Amendment 138: The European Parliament must stand up against the Council

Paris, October 5th 2009 - Negotiations have begun between the European Parliament and the Council of the EU on "amendment 138"1, which protects citizens against restrictions on their Internet access. The Council wants to neutralize it, but has yet to express publicly what specific parts of the text member States oppose. As the Parliament voted twice for this amendment, by a very strong majority, it must now stand firm and show EU citizens that it is committed to protecting their fundamental rights.

The next steps in the conciliation phase of the EU "Telecoms Package"2 might be tense between the European Parliament and the Council of EU. In the last trialogue meeting of September 30th, The Council started the negotiations with a neutralized version of amendment 1383 (the same version that almost got passed in 2nd reading). Yet the Parliament stood strong, asking the Council to explain and justify its opposition to this provision that protects EU citizens' fundamental rights and which was voted twice by 88% of the votes.

"Positions of both institutions seem irreconcilable. The Council seems to oppose the very idea that restrictions to users' access to the Internet should be subject to a 'prior ruling by the judicial authorities', which is the very core principle of this amendment. It may be that the ministers gathered in the Council have a common agenda about restricting Internet access without judicial rulings? If not, why would they oppose this specific part of amendment 138? European citizens deserve an explanation!" analyzes Jérémie Zimmermann, spokesperson of citizen advocacy group La Quadrature du Net.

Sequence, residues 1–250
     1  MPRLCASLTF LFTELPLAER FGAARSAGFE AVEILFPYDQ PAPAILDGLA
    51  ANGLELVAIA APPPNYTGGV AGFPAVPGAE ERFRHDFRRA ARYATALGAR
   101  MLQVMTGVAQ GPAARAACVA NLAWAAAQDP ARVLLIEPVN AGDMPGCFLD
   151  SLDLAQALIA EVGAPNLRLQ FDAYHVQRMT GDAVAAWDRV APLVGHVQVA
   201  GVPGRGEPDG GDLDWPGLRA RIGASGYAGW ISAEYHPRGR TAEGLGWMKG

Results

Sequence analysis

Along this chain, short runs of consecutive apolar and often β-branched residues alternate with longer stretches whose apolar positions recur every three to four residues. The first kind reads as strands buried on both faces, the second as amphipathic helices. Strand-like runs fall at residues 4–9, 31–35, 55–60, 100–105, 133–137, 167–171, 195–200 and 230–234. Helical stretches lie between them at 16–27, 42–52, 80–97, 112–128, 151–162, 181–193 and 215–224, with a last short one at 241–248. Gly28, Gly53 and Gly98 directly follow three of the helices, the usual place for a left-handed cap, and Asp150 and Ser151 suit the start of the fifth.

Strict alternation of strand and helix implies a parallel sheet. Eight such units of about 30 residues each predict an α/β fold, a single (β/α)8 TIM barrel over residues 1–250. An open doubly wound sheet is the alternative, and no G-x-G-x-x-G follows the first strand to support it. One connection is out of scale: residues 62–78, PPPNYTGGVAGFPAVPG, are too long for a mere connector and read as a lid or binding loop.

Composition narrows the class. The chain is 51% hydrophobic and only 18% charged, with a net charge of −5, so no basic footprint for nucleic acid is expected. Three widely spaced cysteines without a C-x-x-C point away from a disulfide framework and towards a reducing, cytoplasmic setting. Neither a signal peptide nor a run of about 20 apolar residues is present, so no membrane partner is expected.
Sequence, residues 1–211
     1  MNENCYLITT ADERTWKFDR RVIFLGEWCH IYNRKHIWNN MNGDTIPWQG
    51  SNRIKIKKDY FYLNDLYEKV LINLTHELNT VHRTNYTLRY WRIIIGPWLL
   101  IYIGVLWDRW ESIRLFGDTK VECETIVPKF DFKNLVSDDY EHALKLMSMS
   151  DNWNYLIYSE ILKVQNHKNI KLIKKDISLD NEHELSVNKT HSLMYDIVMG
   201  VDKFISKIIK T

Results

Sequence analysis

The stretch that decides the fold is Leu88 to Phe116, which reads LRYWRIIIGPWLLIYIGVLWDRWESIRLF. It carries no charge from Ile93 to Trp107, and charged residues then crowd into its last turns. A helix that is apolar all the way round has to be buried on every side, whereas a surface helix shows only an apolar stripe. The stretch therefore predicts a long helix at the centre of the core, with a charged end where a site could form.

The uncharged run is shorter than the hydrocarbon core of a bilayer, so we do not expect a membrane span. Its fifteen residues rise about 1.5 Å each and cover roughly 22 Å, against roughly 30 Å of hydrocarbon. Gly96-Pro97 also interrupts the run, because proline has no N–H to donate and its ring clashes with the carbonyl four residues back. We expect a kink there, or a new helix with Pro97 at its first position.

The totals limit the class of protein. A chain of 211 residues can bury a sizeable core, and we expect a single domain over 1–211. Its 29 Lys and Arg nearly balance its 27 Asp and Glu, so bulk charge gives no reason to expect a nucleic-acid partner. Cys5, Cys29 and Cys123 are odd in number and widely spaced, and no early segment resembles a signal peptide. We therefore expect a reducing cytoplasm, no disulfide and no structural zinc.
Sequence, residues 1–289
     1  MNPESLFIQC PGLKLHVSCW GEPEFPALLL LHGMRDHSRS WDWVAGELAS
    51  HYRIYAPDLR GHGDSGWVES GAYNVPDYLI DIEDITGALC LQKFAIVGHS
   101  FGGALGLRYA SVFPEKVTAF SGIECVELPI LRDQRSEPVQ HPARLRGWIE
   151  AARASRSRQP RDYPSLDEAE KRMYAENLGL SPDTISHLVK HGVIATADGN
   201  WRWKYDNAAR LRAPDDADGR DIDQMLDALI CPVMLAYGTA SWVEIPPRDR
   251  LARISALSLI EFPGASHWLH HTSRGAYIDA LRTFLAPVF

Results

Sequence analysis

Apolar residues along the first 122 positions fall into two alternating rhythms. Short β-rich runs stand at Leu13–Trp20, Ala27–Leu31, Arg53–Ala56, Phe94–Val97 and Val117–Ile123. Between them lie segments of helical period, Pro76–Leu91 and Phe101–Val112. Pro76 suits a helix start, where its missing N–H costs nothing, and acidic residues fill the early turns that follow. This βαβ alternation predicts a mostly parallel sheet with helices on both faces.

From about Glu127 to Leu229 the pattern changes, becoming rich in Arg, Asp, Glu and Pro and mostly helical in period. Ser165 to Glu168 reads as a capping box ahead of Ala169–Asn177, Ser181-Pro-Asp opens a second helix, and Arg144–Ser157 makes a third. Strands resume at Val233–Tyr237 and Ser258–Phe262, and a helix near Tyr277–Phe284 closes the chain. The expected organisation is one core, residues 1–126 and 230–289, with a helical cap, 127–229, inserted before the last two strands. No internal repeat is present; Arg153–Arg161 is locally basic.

The negotiation team for the Parliament, composed of Catherine Trautmann (S&D, France), Alejo Vidal-Quadras (EPP, Spain), and Herbert Reul (EPP, Germany) will discuss with their colleagues of the Parliament delegation next Wednesday.

"The Parliament is in a strong position. Catherine Trautmann, as the rapporteur, will lead the negotiations with the Council and have the heavy responsibility to safeguard European citizens' right to a fair trial when their Internet access is subject to restrictions. Everyone in the European Union who cares about the Internet should call Members of the European Parliament, and especially the MEPs of the Conciliation committe4, to urge them to encourage Mrs Trautmann to stand strong and not give up." Concludes Zimmermann.